‘Voyeurism and Lewdness’ Lead to Suspension of Security Clearance

Nexus was not an issue when a Navy Security Specialist was arrested for taking photos in the wrong places. The arrest led to the suspension of his clearance, and that led to suspension from his job.

This recent case involves suspension of a Security Specialist—whose position was “Critical Sensitive” and required a Top Secret clearance–stemming from his arrest for voyeurism and lewdness. (Zadzielski v. Department of the Navy, CAFC No. 2011-3213 (nonprecedential), 2/17/12)

Mr. Z was employed at the Naval Air Warfare Center Aircraft Division in Lakehurst, New Jersey. About nine months into that assignment, Mr. Z was arrested “for taking pictures up women’s skirts in the lingerie department of a local department store.” (Opinion p. 2)

Mr. Z duly and promptly informed his bosses of the arrest. The next day, Navy informed Mr. Z of the intent to suspend his access to classified information, which access was required for his assignment to a sensitive position. This, in turn, led the Navy to suspend Mr. Z indefinitely without pay “pending a final security clearance decision” by the appropriate Navy office. (p. 3)

Mr. Z took his appeal to the Merit Systems Protection Board where he argued he should have been given a position involving “non-sensitive” duties or simply had his access to classified data in his current position put on hold pending a final decision on his security clearance. (p. 3)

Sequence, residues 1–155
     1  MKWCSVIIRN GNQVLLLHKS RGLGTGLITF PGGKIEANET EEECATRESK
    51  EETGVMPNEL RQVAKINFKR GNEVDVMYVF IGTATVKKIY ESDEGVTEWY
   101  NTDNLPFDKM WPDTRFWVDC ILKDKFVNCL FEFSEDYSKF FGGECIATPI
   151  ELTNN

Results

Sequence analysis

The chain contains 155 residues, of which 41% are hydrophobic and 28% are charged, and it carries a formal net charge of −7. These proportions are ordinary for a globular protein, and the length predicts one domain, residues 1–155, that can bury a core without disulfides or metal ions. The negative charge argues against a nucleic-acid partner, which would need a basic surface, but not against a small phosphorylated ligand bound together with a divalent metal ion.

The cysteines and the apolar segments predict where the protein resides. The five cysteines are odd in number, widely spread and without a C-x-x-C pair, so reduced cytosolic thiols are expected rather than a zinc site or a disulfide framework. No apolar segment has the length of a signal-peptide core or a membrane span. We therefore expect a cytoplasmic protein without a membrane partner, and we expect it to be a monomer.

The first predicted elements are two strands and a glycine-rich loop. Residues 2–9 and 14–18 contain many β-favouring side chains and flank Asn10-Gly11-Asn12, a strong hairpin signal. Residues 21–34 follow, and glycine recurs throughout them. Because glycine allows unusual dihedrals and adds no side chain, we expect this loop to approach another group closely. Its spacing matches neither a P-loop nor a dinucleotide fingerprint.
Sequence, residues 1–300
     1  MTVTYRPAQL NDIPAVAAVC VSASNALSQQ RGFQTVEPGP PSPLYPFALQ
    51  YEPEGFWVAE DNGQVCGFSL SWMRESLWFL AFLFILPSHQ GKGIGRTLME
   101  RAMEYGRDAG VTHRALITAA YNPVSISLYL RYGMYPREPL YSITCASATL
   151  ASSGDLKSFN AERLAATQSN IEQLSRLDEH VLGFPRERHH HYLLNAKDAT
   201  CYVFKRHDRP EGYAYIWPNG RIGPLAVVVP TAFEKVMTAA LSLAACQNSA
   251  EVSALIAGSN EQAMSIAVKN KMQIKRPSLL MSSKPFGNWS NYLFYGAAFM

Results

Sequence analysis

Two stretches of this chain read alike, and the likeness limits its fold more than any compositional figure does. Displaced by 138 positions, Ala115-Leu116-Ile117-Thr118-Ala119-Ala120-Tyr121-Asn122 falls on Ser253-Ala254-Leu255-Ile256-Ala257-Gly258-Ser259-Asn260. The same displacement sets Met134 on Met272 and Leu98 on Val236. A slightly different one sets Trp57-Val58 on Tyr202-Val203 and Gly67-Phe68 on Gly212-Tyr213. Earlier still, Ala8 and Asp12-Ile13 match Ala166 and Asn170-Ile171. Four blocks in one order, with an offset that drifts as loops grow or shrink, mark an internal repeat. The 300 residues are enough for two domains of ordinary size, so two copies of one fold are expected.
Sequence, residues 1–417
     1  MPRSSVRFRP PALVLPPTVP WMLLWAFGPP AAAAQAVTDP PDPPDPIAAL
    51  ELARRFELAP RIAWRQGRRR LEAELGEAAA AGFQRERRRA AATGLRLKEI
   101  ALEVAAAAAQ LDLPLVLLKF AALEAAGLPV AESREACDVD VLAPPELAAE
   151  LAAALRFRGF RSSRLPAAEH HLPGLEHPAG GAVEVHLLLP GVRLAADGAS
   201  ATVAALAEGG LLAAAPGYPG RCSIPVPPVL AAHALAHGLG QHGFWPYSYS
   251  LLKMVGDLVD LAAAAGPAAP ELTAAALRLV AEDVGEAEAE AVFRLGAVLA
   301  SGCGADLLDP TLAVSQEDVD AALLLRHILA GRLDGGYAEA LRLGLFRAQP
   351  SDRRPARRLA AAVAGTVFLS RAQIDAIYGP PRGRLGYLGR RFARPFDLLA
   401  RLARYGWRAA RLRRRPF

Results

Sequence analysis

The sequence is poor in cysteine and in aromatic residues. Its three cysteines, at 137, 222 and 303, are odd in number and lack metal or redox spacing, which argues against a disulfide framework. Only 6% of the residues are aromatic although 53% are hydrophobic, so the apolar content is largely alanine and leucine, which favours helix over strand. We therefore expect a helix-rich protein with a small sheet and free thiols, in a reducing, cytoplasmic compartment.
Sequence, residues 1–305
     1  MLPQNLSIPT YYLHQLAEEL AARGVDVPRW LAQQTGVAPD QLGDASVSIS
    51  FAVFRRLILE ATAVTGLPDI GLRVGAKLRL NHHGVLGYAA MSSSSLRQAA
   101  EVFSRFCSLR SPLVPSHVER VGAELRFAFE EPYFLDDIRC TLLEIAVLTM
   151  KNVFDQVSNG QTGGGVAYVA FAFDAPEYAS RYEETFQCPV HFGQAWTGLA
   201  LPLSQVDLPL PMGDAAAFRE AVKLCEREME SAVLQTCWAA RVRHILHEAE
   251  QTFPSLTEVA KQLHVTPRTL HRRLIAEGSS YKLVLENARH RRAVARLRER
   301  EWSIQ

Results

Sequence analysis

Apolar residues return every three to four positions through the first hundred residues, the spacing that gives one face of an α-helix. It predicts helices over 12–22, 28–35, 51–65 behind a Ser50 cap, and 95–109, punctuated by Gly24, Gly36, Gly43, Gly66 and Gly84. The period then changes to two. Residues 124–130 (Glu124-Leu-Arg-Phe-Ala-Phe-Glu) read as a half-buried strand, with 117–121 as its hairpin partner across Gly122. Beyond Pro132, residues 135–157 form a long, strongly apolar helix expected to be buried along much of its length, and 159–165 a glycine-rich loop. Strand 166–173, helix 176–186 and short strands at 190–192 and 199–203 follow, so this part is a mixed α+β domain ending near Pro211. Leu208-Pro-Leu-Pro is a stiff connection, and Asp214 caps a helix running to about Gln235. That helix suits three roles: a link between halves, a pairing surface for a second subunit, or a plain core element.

Navy argued that reassignment under these circumstances is “not mandatory,” and the Board accepted that argument, ruling against Mr. Z.

Mr. Z took his argument to the appeals court. The court points to the “limited role” of the MSPB in security clearance cases: “It may not review an agency’s decision to suspend or revoke and individual’s security clearance…nor can it review the agency’s decision to require a security clearance for the individual’s position.” (p. 4) While the MSPB can consider whether Navy should have assigned Mr. Z to other duties not requiring a clearance, the court goes on to hold that the Board’s conclusion that the Navy had no such duty was supported by the evidence. (p. 6)

In short, the suspension of Mr. Z is affirmed.

When it comes to suspensions of security clearances and personnel actions based on those suspensions, it will be the rare case that is overturned by the MSPB or the appeals court, usually involving a failure to follow procedures.

Zadzielski v. Department of the Navy (2011-3213)

About the Author

Susan McGuire Smith spent most of her federal legal career with NASA, serving as Chief Counsel at Marshall Space Flight Center for 14 years. Her expertise is in government contracts, ethics, and personnel law.